Cool or Odd

“But ye are a chosen generation, a royal priesthood, an holy nation, a peculiar people; that ye should shew forth the praises of him who hath called you out of darkness into his marvellous light” (1 Peter 2:9, KJV).

On more than one ocassion people have told me that I was (or am) the first “cool” Christian they ever met. I think they mean that as a compliment, but I don’t really know. I do know that for many years as a pastor I strived real hard to remove barriers so the unchurched would feel comfortable. I strived to fit in, and not look like a “preacher.” I believed doing so was the best way for my church to be relevant to the culture. I still believe those things. I still don’t want to look like a “preacher.” I don’t want to be offensive to the unsaved and unchurched. The cross of Christ is what should be offensive, not the way we present the message of the gospel.

I don’t want to be offensive.

I want to be accepted.

However, looking back now, and looking around me at the church culture, I think that what I really wanted, and what many other churches want, is not so much to be relevant and non-offensive, rather, what they want is to be cool.

I wanted to be cool.

I wanted to be the next cool church.

I no longer want to be cool.

I want to be odd.

Jesus did not ask His followers to be cool. He asked them to be odd…

…to go against the flow.

…to think outside the box.

…to do the opposite of what the world does.

…to be a “peculiar people.”

I want the target audience of my church to be the down and out. I want my church to be full of odd people, misplaced people, forgotten people, people who need grace. People just like me–the noncool.

I want our programs to be few and far between–that’s odd.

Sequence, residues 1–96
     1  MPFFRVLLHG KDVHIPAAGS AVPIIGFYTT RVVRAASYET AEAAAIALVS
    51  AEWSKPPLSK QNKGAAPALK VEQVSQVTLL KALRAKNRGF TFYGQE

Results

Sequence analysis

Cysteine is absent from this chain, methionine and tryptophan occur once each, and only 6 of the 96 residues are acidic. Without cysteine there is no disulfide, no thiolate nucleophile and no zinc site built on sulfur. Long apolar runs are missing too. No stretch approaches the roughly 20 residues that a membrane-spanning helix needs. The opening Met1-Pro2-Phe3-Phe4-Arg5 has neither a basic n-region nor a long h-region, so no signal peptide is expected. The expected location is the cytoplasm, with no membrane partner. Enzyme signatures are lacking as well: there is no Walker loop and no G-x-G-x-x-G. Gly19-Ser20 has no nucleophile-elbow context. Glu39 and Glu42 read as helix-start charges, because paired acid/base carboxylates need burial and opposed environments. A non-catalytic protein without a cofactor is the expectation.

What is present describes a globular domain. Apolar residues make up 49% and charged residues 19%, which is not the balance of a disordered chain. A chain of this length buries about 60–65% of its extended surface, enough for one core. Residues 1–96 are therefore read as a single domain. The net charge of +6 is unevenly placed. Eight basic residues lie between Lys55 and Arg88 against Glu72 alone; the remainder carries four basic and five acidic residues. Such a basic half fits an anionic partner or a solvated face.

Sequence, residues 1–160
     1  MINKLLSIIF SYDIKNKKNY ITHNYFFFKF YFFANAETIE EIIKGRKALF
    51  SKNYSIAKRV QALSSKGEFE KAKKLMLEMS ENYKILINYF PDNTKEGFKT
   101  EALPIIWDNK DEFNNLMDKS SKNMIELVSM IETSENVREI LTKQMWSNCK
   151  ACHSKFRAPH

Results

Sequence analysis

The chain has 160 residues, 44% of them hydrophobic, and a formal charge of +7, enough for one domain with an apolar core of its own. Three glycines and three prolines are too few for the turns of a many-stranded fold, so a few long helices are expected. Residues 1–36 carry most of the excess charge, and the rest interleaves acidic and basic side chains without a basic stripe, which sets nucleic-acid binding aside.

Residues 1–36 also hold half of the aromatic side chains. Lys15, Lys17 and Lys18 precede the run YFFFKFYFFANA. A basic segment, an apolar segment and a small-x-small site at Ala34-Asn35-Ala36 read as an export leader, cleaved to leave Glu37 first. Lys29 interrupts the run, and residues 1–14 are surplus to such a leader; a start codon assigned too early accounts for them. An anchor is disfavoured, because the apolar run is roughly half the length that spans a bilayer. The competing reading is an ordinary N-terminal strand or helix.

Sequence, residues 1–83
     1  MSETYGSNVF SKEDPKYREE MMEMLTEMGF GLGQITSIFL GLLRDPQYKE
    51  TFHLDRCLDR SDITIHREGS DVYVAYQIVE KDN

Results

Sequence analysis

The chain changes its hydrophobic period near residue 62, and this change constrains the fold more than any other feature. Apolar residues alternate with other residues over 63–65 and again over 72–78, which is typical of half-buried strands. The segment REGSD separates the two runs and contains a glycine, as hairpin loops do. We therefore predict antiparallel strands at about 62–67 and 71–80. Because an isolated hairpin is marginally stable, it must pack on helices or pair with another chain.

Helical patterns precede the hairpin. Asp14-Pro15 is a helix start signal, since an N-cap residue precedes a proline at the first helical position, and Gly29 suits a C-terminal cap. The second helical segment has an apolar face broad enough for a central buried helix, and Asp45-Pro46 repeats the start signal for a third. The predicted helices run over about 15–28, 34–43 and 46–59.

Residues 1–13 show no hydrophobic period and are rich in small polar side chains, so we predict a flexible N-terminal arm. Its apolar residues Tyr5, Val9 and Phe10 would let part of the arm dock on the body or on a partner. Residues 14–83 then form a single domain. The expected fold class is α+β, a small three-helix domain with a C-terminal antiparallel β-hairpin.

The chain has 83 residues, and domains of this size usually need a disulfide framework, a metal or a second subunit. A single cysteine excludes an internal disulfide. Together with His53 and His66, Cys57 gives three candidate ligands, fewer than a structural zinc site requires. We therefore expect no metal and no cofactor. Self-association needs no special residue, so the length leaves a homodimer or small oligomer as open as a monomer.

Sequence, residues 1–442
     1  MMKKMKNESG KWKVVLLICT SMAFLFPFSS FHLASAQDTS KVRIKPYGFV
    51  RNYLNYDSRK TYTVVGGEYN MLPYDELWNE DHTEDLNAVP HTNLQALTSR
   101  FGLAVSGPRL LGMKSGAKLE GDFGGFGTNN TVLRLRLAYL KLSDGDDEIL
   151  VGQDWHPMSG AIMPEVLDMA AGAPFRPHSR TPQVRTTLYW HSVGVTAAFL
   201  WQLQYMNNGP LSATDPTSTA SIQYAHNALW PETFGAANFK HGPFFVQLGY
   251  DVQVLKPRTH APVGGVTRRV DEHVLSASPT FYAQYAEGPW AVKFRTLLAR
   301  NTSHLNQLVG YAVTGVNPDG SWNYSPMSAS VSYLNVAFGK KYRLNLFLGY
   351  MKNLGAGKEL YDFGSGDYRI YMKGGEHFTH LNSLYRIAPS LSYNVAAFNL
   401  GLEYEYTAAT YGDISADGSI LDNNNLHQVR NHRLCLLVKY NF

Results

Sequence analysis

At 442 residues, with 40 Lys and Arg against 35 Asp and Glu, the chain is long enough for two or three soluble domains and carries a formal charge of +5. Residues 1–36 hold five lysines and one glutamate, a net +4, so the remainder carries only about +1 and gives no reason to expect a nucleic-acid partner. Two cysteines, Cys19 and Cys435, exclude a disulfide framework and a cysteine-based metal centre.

I don’t want our bank account to have more money than we can spend–that’s odd.

I want to live on the edge–that’s odd.

I don’t want our services to run smooth and clean. I would prefer them to be messy and loud–that’s odd.

I want our praise team to make mistakes and stop and start over…and laugh about it–that’s odd. 

I want to speak out against the injustice in our community and speak up for those who have no voice–that’s odd.

I could care less who wins the White House because my citizenship is not based here, but elsewhere–that’s odd.

I want our country to be compassionate and willing to help any country who asks, but I don’t want our country to be involved in nation building and unjust wars–that’s odd.

I want to be known, and I want my church to be known, as a people who have been called out by God to walk a different path, reaching an odd group of people.

If you were to visit my church, I hope that at least once you would scratch your head and say, “This is the oddest, most peculiar group of people I have ever seen.”

I no longer want to be cool. I want to be odd.

What about you?

 

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2 thoughts on “Cool or Odd

    • The scripture does not say “come out from among them and be ye weird….”, but it does say, “come out from among them and be ye separate, saith the Lord, and touch not the unclean thing.” What makes us odd is the genuine nervousness caused by believers who place no value on worldly things and set our affections on things above. Our personal witness of the grace of God and salvation through Christ simply makes people nervous. The presence of Christ created discomfort most places he went. We should be alert to those feelings because it means the presence of Christ is being felt. If we do not focus on the cause of those feelings from unbelievers, the tendency is to focus on the oddity instead of the opportunity. Jesus freaks tend to be the most genuine, sold-out people I know, and I strive (because it is a struggle for a 59 year-old “institutionlized” evangelical) to be more of a Jesus freak. Dear God, continually mold me and make me into your image and for your will, and I will gladly be an oddball for the cause!

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